Marc Chu, Animation Director for The Avengers, visited with Movie Fanatic when we headed to San Francisco to get the inside scoop on the magic behind the wizardry of Joss Whedon’s The Avengers as the film lands on pristine Blu-Ray.
The first thing made clear to Chu and his team by Whedon was that he wanted to up the ante on the Iron Man suit, worn by Robert Downey Jr. They came up with the idea of the suit being able to be literally removed while he walked… and vice versa.
“When he first lands and he starts walking, that's completely CG. And that's something that we did on our mobile cap stage. We have to imagine his movements exactly and then place the armor on him. And then figure out ways for us to take the armor off. Then once it gets to him, it's just a matter of brute force, imagination, let's figure out how this thing works,” Chu said.
One thing they learned early on at ILM is to not get in the way of the actor and their talents. “We never interfere with what Robert will do, so he's just going to walk the way he does. And we just want him to be natural. In the end, all those shots are tight shots -- they're all going to be like this on his body, on his shoulder or whatever. So it wasn't that important.”
When it came to working on Iron Man, Chu was especially eager to get going, considering his personal and professional joys. “I'm kind of a geeky guy and I like mechanical stuff too,” he said. “That’s Iron Man. For the Mark 7 suit, when it kind of unfolds and sticks onto him and transforms, we wanted to make sure that didn't feel too magical. The volume of the pieces shouldn’t feel like they were coming from nowhere -- like a magical tortoise of a suit,” he said and laughed.
There is a big deal made about motion capture suits, especially since Andy Serkis brought Gollum to life in The Lord of the Rings. They were used with Mark Ruffalo and his Hulk, but Chu cautions that without animators, those killer performances would exist in a vacuum.
“For this movie, for Iron Man in The Avengers -- and for the Hulk -- it doesn't matter, it's a combination of motion capture, stunt performer's actions and key frame animation,” Chu said.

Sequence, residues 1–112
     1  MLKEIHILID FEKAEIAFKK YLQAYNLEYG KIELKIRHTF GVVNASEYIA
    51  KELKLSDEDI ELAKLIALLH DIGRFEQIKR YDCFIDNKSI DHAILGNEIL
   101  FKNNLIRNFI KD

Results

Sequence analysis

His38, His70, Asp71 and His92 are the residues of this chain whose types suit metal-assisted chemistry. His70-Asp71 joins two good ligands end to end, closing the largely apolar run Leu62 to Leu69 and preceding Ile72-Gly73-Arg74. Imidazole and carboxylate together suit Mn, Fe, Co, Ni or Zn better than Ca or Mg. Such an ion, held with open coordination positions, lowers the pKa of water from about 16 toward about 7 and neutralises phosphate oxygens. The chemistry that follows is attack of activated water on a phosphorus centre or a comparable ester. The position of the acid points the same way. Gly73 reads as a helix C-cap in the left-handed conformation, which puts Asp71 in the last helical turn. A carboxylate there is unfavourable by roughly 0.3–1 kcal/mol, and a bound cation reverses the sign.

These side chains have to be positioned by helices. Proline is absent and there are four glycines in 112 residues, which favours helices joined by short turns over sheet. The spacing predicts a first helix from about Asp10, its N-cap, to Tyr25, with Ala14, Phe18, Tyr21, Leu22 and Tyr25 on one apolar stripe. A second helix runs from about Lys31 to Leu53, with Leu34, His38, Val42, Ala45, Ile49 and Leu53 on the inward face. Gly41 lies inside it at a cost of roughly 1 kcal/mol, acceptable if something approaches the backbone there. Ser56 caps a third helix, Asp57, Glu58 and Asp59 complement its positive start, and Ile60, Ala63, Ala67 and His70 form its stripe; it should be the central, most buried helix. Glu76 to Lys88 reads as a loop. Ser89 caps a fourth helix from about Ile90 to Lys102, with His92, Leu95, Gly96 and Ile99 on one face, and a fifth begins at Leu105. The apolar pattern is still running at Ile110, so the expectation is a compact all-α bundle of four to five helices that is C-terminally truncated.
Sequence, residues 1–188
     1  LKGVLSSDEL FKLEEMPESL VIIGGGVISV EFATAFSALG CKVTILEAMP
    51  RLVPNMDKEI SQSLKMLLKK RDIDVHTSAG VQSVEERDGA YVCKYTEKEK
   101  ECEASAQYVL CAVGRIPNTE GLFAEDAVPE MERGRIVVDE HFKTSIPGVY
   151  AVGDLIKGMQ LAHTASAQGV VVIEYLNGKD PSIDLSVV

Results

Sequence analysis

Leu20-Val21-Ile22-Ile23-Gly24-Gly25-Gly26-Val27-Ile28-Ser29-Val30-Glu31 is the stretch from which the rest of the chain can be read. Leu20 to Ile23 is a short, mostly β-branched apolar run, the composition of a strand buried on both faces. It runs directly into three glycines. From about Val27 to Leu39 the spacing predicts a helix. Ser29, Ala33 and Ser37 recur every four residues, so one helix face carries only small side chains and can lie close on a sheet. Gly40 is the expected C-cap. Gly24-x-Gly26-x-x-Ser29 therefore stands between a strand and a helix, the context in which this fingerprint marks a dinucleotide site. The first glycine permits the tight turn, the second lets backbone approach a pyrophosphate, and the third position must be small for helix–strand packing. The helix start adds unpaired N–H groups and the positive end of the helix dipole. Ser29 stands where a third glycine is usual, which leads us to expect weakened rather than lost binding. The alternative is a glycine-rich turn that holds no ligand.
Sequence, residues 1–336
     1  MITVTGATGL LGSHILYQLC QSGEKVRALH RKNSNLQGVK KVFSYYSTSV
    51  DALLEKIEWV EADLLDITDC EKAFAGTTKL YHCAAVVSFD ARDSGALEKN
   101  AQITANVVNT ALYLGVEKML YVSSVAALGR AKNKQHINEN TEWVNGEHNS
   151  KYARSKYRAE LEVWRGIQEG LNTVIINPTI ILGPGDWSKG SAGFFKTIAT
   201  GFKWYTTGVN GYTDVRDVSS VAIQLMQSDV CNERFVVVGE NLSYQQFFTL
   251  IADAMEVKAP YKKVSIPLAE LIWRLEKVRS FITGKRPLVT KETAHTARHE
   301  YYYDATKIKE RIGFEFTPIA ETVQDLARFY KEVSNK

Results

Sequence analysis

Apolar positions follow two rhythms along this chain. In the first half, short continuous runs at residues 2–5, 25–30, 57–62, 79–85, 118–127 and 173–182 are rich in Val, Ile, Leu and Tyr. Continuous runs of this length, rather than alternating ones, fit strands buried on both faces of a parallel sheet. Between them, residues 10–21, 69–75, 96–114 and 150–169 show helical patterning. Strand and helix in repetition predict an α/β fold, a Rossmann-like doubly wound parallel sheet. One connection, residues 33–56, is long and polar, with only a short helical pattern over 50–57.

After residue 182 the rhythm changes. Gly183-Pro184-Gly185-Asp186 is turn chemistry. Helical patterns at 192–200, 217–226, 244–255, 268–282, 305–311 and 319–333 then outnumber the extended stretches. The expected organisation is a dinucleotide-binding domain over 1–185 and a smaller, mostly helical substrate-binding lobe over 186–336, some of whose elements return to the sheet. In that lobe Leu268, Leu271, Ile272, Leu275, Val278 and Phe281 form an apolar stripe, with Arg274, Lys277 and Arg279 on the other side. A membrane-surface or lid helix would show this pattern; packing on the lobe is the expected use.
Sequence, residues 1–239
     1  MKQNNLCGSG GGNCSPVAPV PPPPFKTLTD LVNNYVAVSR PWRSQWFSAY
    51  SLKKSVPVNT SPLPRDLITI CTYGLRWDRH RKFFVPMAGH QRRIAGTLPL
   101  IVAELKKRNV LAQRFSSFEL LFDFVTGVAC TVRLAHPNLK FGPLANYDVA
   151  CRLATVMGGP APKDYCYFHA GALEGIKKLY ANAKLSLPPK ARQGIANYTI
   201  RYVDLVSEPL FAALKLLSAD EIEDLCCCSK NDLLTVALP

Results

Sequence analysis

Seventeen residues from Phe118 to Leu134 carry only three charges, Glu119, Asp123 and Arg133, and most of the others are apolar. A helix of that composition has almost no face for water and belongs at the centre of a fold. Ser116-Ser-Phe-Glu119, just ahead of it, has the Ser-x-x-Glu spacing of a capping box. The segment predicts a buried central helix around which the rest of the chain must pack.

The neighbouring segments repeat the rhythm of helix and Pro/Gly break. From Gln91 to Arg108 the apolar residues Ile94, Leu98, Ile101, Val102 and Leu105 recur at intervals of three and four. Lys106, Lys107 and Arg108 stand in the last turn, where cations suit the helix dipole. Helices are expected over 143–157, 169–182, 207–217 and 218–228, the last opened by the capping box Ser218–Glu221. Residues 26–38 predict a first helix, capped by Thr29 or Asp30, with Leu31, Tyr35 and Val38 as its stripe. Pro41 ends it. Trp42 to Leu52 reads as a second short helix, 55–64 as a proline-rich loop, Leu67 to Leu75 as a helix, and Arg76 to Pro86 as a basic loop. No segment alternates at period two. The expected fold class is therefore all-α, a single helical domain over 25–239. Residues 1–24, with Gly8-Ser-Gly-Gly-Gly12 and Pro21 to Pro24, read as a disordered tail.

“I think each one of those is a tool. And each one of them has their place to be in the movie. And the sequence where he's running after Black Widow and he's running down that little grating, we're using a combination of key frame shots and motion capture shots. And we're cutting between, back and forth to those things. And you can't tell! You will always need an animator to pulse it out.”
Pre-The Avengers, Chu’s biggest moment personally and professionally arrived with a Pirates of the Caribbean creation.
“I was the Davy Jones lead and that's still one of my proudest things I worked on. And this is sort of the evolution that started us. We have Bill Nighy, great performer, and then we have Davy Jones. What kind of monster we made -- there was a lot of interpretation there,” Chu said. “That was one where I felt like people can't tell how we did it, and that's always the hallmark of innovation. It creates an 'Is it real? Is it fake?' 'Is it half real, half fake?'"
The special effects moment that really was a benchmark in terms of setting off a light bulb in his head as a child fatefully came from ILM. “When Jurassic Park came out and I saw that, I was like, 'Oh, my God, I want to be a part of this,'" Chu said.
The success of The Avengers was in the end, sure, the blockbuster ticket sales. But, for Chu and his team, those figures have more meaning than paper money. “I'm sure everyone was grinning ear to ear with it, but it was great just to see the fan reaction,” Chu said. “I mean the box office is basically telling us that we did a good job.”